Memory system 300 includes row control circuitry 320, whose outputs 308 are connected to respective word lines of the memory array 302. Row control circuitry 320 receives a group of M row address signals and one or more various control signals from system control logic circuit 330, and typically may include such circuits as row decoders 322, array terminal drivers 324, and block select circuitry 326 for both read and programming (e.g., set and reset) operations. Memory system 300 also includes column control circuitry 310 whose input/outputs 306 are connected to respective bit lines of the memory array 302. Column control circuitry 306 receives a group of N column address signals and one or more various control signals from system control logic 330, and typically may include such circuits as column decoders 312, array terminal receivers or drivers 314, block select circuitry 316, as well as read/write circuitry, including sense amps 318, and I/O multiplexers. System control logic 330 receives data and commands from a host and provides output data to the host. In other embodiments, system control logic 330 receives data and commands from a separate controller circuit and provides output data to that controller circuit, with the controller circuit communicating with the host. System control logic 330 may include one or more state machines, registers and other control logic for controlling the operation of memory system 300. For example, write circuitry 460, read circuitry 461 and clamp control circuitry 464, discussed further below, may be provided.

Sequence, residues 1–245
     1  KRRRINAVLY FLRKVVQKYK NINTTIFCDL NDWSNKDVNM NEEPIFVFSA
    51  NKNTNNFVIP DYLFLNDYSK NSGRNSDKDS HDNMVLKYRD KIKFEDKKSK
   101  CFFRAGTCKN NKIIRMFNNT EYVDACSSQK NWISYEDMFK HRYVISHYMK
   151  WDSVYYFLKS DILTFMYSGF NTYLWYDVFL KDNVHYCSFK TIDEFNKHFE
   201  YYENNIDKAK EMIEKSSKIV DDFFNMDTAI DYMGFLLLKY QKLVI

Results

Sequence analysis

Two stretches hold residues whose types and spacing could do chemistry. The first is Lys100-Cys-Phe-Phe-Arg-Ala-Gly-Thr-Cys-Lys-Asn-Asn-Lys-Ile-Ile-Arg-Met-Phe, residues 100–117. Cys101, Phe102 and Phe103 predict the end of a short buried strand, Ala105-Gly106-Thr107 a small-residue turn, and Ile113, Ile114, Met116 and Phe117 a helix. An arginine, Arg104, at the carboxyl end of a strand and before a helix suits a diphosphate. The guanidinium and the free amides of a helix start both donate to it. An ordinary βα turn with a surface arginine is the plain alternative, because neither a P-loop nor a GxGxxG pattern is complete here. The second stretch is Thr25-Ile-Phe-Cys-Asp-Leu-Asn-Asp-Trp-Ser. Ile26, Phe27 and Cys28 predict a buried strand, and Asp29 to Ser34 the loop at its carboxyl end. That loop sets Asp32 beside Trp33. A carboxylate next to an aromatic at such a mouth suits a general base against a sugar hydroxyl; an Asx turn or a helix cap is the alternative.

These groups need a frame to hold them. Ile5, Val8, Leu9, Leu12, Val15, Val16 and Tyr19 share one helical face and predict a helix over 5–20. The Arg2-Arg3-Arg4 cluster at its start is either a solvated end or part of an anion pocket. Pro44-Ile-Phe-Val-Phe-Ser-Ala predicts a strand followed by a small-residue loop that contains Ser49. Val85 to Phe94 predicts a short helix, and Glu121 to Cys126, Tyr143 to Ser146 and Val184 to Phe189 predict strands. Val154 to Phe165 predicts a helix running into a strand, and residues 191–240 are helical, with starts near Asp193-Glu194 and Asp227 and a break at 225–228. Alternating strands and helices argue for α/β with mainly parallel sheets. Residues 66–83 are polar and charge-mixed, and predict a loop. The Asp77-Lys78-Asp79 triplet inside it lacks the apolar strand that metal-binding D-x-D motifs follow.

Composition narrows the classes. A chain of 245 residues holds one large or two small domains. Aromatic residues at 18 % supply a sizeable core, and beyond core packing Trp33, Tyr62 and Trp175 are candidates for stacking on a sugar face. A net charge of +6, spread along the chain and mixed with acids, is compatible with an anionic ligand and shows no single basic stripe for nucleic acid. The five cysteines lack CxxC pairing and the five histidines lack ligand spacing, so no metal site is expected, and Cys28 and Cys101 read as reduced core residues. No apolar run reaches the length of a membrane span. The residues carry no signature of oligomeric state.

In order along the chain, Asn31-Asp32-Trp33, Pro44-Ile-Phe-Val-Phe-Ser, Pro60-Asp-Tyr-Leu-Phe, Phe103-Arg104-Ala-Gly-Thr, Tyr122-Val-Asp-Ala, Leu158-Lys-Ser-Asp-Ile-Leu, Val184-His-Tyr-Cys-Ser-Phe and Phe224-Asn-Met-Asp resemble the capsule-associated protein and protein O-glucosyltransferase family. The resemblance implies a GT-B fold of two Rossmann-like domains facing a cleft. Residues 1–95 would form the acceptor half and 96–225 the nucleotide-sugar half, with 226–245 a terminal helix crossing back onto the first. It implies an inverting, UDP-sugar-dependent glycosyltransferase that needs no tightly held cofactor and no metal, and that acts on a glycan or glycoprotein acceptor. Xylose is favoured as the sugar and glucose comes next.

In one embodiment, all of the components depicted in FIG. 3 are arranged on a single integrated circuit. For example, system control logic 330, column control circuitry 310 and row control circuitry 320 can be formed on the surface of a substrate and memory array 302 is a monolithic three dimensional memory array formed above the substrate (and, therefore, above system control logic 330, column control circuitry 310 and row control circuitry 320). In some cases, a portion of the control circuitry can be formed on the same layers as some of the memory array.